Steve Jobs was famous for his black turtleneck sweaters. Mark Zuckerberg wears the same gray t-shirt every day. And President Obama only wears blue suits. It’s not because they’re lazy. It’s just that they focus better on the stuff that matters most when they cut out extraneous decisions, like what shirt to wear.
“Think of your willpower like a muscle,” says nutritionist Mike Roussell. “Use it and it will get stronger, but overuse it and it will become fatigued and fail you.” It’s a process called decision fatigue. When our fleeting pool of willpower dries up, we falter and ultimately give in to unhealthy temptations—or bad business and policy choices.
You could wear the same thing every day and hope your coworkers know you do laundry. A more covert option: Eat the same breakfast each morning. Food, in particular, requires a lot of decision making—up to 200 choices a day, according to Brian Wansink of the Cornell University Food and Brand Lab. “I think that’s on the low side,” says Roussell. “Go to Chipotle and you have to make at least 15 in less than 90 minutes. The average Starbucks offers you 19,000 different drink possibilities.”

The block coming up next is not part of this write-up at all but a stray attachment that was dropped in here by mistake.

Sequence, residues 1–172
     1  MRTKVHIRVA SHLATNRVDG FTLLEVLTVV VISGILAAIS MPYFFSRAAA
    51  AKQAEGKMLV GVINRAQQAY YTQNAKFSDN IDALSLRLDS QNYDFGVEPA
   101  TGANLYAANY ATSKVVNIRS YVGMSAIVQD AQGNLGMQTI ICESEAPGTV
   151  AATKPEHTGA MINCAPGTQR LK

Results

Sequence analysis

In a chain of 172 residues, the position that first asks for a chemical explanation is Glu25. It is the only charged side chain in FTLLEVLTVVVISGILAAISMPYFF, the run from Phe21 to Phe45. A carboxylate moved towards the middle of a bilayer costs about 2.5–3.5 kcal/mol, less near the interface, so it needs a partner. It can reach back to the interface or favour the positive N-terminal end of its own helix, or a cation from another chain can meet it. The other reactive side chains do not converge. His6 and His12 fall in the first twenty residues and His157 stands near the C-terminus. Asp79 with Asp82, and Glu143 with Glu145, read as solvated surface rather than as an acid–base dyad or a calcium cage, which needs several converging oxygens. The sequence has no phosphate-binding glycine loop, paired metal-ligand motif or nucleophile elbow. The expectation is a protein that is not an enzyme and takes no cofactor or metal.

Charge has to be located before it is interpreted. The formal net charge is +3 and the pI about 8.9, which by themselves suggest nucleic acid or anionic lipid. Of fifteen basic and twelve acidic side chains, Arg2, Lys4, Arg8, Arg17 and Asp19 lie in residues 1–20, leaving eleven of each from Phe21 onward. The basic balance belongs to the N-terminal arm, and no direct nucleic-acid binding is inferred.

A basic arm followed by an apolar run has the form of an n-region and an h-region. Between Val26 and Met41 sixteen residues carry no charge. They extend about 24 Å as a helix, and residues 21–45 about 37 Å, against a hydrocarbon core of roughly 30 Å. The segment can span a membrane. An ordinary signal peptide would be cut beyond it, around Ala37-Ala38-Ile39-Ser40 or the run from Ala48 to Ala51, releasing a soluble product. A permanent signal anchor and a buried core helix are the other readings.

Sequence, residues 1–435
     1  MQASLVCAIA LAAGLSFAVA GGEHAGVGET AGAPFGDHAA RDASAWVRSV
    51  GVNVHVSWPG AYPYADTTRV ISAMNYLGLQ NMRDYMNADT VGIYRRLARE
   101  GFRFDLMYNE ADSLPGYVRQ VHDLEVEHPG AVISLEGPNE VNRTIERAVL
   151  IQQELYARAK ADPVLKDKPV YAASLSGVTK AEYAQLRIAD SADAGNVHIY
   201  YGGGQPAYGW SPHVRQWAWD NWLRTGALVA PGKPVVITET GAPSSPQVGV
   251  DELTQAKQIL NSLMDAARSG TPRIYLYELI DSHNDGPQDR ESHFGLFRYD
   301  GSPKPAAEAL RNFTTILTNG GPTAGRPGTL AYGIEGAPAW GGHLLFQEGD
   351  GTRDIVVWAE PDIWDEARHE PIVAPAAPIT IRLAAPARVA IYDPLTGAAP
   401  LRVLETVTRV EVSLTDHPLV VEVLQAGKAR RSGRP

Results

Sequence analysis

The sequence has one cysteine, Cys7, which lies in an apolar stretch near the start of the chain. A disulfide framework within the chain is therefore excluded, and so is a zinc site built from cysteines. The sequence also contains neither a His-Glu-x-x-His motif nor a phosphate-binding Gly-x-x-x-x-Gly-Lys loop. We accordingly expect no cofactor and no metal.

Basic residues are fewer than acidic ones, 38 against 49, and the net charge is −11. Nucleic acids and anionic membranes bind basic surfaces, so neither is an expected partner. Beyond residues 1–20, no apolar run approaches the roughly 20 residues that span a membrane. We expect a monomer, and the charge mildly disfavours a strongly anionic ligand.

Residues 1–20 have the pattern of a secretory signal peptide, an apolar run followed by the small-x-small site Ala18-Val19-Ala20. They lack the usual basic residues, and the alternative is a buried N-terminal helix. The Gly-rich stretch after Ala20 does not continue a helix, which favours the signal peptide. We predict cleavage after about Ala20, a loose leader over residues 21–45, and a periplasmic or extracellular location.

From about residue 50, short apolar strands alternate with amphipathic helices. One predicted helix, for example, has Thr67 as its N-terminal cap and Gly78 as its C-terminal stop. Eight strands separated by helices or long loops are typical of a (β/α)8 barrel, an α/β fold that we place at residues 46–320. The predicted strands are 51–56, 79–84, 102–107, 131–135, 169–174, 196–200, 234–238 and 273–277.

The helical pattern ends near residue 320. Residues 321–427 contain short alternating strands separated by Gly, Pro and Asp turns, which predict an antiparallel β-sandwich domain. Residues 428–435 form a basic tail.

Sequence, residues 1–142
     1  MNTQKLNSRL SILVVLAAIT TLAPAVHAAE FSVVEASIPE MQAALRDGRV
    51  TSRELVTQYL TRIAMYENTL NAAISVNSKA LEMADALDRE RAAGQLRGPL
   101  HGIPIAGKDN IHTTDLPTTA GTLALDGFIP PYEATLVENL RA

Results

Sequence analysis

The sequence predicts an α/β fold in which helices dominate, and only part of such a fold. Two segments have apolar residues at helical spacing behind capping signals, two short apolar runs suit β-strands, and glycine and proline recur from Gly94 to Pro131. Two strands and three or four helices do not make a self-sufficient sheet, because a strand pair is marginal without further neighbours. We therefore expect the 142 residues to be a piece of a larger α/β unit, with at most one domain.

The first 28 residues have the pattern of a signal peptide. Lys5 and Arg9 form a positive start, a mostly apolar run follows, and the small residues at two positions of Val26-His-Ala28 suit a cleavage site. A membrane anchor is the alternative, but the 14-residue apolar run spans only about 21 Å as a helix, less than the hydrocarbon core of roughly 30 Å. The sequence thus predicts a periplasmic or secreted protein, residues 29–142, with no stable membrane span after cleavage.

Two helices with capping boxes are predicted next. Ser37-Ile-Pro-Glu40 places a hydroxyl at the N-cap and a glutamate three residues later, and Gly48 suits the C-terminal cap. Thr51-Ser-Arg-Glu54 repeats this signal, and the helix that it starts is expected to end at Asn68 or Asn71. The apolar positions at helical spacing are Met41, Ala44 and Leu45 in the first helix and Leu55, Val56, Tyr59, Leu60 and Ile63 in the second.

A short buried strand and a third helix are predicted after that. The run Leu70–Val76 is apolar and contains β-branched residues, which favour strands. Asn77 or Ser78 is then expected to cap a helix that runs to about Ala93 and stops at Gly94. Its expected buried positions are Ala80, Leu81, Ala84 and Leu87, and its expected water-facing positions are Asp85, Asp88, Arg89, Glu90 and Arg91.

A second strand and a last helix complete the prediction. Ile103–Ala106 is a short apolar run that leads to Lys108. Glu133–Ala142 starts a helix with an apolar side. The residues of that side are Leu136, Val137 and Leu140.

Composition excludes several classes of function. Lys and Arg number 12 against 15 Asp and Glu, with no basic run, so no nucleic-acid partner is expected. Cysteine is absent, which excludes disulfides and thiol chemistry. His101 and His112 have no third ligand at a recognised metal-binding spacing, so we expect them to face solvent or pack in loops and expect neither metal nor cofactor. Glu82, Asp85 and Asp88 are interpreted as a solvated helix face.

Take the decisions out of breakfast. “If you eat a quality breakfast, you’re less likely to eat a lousy lunch as you've already made the effort to eat right. Why blow it?” says Roussell. He recommends aiming for a mix of protein and produce and going light on the sugar. Try making your go-to meal something like eggs and salsa, a protein shake, or a Greek yogurt and a piece of fruit. You’ll reduce decision fatigue and set the stage for a healthier day of eating.
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